Acclaimed pianist Leif Ove Andsnes inspires his Philadelphia audience

Although retired since 2014, I still relish opportunities to teach, write, and share opinions.
On Saturday evening, May 4, 2024, famed pianist Leif Ove Andsnes performed Rachmaninoff’s Piano Concerto No. 3 in D minor, Op.30. He was miraculously accompanied by The Philadelphia Orchestra under the baton of Dalia Stasevska. Bartok’s Concerto for Orchestra completed the evening.
Leif Ove Andsnes, born April 7, 1970, in Norway, has played concerts and recitals around the world, as well as recording a wide variety of music. Mr. Andsnes has eleven Grammy Award Nominations, and seven Grammy Awards. In addition to tonight’s appearance, he will play the Rachmaninoff Third Concerto with the Pittsburgh and Danish National symphonies, and the Orchestre de Paris. He will also have a busy schedule performing other works during the season. He has a new boxed set with 36 CDs surveying the last twenty years of his recordings. 
It will come as no surprise that he is an artist much in demand in the world, and The Philadelphia Orchestra, one of the world’s great orchestras, shone in their evening together. 
Conductor Dalia Stasevska made her Philadelphia Orchestra debut March 2023. She has conducted many other prestigious orchestras around the world. She has also conducted at Glyndebourne, Finnish National Opera, Norwegian National Opera, and the Royal Swedish Opera. Since February 2022, she has actively supported war-torn Ukraine, raising funds and supplies for that country. 
Sergei Rachmaninoff (born 1873, died 1943) had Tchaikovsky as his hero. He was one of the most celebrated composers and pianists of his time. He composed this concerto in 1909. 
The Philadelphia Orchestra played magnificently for Ms. Stasevska, following her every nuance of interpretation, as she also sensitively partnered with Mr. Andsnes, who played beautifully. His climaxes were thrilling, while his whispered passages were soul-stirring. He needed to dab his perspiration off his brow several times during pauses in the performance. No doubt he is used to the chill Norwegian climate, which Verizon Hall was not anywhere near.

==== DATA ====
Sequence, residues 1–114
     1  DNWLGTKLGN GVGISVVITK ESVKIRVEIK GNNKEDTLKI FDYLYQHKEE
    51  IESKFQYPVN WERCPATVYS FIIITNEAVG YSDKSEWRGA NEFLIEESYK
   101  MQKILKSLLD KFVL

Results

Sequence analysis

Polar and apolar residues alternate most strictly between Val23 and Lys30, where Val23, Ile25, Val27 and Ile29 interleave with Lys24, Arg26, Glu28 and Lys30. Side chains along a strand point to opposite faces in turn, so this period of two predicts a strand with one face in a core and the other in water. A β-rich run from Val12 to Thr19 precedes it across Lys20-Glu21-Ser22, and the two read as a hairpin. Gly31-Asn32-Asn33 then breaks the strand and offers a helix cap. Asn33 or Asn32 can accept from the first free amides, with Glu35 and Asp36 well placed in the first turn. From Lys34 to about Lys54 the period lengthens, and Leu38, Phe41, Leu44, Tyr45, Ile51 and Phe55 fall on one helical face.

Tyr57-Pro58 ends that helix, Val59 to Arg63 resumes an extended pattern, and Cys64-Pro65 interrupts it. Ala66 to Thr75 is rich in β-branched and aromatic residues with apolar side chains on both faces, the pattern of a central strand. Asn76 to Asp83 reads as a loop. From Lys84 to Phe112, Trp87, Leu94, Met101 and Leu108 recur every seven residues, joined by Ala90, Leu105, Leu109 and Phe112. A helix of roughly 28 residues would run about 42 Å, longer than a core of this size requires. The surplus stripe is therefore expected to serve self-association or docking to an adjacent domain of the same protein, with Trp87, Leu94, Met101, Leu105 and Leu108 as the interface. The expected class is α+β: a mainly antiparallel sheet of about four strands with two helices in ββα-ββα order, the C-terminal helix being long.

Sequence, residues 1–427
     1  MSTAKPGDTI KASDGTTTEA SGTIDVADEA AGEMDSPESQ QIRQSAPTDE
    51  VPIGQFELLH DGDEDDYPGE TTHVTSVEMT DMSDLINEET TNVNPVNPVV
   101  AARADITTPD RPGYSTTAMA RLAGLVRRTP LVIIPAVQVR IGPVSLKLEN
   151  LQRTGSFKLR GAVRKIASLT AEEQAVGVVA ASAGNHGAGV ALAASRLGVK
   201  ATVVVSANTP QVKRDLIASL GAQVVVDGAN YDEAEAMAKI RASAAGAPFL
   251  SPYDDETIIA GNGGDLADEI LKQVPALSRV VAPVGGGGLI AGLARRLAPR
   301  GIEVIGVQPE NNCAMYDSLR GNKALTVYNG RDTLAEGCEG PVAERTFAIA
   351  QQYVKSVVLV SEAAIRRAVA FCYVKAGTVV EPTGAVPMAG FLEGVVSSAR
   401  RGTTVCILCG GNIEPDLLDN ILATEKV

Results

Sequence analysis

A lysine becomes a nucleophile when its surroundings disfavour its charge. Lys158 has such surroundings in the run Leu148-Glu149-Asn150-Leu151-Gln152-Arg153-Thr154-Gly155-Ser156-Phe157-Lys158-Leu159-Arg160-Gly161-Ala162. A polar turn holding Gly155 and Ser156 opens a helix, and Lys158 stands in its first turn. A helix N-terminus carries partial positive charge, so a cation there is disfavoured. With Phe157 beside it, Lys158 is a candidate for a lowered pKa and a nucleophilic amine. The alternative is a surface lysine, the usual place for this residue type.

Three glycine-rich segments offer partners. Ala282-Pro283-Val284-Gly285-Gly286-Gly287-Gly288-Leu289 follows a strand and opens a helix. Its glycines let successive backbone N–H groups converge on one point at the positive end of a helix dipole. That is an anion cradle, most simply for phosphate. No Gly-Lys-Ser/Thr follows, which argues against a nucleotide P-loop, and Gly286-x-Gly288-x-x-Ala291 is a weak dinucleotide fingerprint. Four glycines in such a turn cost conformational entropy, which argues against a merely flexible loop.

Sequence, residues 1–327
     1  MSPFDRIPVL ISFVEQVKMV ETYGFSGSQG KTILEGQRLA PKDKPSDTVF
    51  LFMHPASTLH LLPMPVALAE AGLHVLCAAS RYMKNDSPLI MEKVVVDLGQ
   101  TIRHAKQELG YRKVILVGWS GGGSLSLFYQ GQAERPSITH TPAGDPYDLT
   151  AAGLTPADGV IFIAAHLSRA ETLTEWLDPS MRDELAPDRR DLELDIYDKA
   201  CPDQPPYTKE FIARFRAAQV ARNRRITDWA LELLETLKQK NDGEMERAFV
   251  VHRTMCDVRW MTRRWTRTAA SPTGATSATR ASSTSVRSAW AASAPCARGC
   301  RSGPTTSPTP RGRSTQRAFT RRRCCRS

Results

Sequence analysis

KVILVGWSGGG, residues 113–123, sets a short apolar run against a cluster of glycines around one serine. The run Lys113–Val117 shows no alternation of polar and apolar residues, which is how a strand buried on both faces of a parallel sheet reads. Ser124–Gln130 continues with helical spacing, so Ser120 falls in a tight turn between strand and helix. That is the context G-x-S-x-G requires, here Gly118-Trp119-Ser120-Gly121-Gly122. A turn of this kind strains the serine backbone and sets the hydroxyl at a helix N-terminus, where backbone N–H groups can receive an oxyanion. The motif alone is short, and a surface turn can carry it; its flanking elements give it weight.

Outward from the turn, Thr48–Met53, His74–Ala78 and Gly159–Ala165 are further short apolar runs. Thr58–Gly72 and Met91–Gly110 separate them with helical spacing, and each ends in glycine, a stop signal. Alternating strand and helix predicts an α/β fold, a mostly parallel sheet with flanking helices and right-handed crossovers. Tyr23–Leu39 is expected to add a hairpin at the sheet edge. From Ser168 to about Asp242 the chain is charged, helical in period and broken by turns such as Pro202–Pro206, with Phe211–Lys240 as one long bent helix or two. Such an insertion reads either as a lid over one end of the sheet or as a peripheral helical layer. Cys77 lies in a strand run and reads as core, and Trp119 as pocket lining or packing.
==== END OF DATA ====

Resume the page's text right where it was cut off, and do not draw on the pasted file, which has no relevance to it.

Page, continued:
When the concerto ended, a vast wave of cheers rose from every corner of the packed house. Mr. Andsnes was recalled several times back to the stage, prompting an encore. The concert master had to march his orchestra off the stage to quell the acclaim. 
You may opine that the magical Leif Ove Andsnes so excited the Sun with his Philadelphia visit, that it burst forth titanic flares from its surface only days later, bringing the Northern Lights far south of Scandinavia, to London, and even Puerto Rico. Who can doubt it? It sounds perfectly reasonable to me. 
The concerto for Orchestra (1943) by Bela Bartok (1881-1945), concluded the program. Perhaps it was the atmosphere, perhaps it was solar radiation, or mischievous imps working their magic, but as lively and at times bombastic as the piece was, A few in the audience nodded off occasionally during the Bartok. Nevertheless, this Land of Nod dissipated after its brief visit, and the majority of the piece was as inventive and modern as one could wish. Blame it on the Sun’s solar flares.
Bravo to The Philadelphia Orchestra, Ensemble Arts, and the musicians for an unforgettable live performance at Verizon Hall. 
The Philadelphia Orchestra continues its season with appearances by Esa-Pekka Salonen, Mitsuko Uchida, and La Boheme opera performances. For information, visit …

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